Monday, August 31, 2015

Thursday, October 7, 2010

Proposal review sessions


Here are some items on proposal review sessions:

You can focus on a few aspects during reviews:
  • Customer emulation. Reviewers score the proposal according to the evaluation criteria, as if they were the customer's evaluation team.
  • Bid Strategies. Reviewers assess whether the proposal reflects the bid strategies necessary to win, tells the right story, and delivers its message effectively.
  • Compliance. Does the proposal comply with all RFP requirements?
  • Proof reading. Review for typographical errors and grammatical problems.
  • Technical evaluation. Does the solution proposed meet the specifications? Can it be delivered on time? Is there a better way to do the work?
  • Pricing. Is it priced to win? Is it still profitable?
It really depends on the audience you have that day, where you are in the process, and especially on what you want to get out of the review.

How should the review comments be supplied? The choices include:

  • Paper forms. Create a form with a series of questions that focuses the reviewers attention and provides places for comments.Can make collating the results easier. Forces the reviewer to state the problem and the solution.
  • Hard copy mark-ups. Let them scribble on the document and then try to make sense of it later. If there are a large number of evaluators you will need to consolidate the comments. Consider dividing the reviewers into teams and making each team responsible for delivering a single set of comments.Great if you don't want people to walk out with copies of the material, can be a pain to amass and wade through.
  • Version tracking. Microsoft Word, and many other software packages, provide tools that can be used to identify the changes made by a review and even to merge them with changes from other reviewers. There is a slight learning curve to get past if you've never used this approach before.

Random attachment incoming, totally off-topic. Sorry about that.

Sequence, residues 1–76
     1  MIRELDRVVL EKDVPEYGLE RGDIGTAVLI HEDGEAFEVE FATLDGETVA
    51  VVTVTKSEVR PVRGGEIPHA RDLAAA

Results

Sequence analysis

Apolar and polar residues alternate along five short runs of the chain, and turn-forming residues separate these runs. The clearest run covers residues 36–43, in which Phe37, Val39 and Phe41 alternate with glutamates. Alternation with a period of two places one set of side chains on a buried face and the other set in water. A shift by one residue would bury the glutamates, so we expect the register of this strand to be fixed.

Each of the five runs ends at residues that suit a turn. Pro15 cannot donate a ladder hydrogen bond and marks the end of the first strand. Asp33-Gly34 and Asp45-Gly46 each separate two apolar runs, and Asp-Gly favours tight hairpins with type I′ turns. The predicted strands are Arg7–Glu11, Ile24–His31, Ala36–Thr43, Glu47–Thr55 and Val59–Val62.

It is very helpful to frame the meeting around "How can we fix any deficiencies? What are the weakest parts of the proposal? Did we miss anything?"



What can reviewers look for?

  • Proposed Solution. Will it work? Does it fall within risk tolerances? Is it price-competitive? Is it best-in-class/best-value? Have all the benefits of the solution or approach been pointed out. Have all the features been sufficiently tied to the evaluation criteria in order to ensure credit?
  • RFP Compliance. Note any ways that the section does not adequately address an RFP requirement. Make sure all RFP requirements are addressed, especially anything relevant in Sections C, M, and L as well as any other sections that might contract relevant requirements. Call attention to anything that might contradict an RFP requirement.
  • Score. Give the section a grade according to the evaluation criteria, as if you were the client.
  • Bid Strategies. Does it reflect the correct bid strategies?
  • Additions. Note anything missing that should be added to the section or any parts that require additional detail.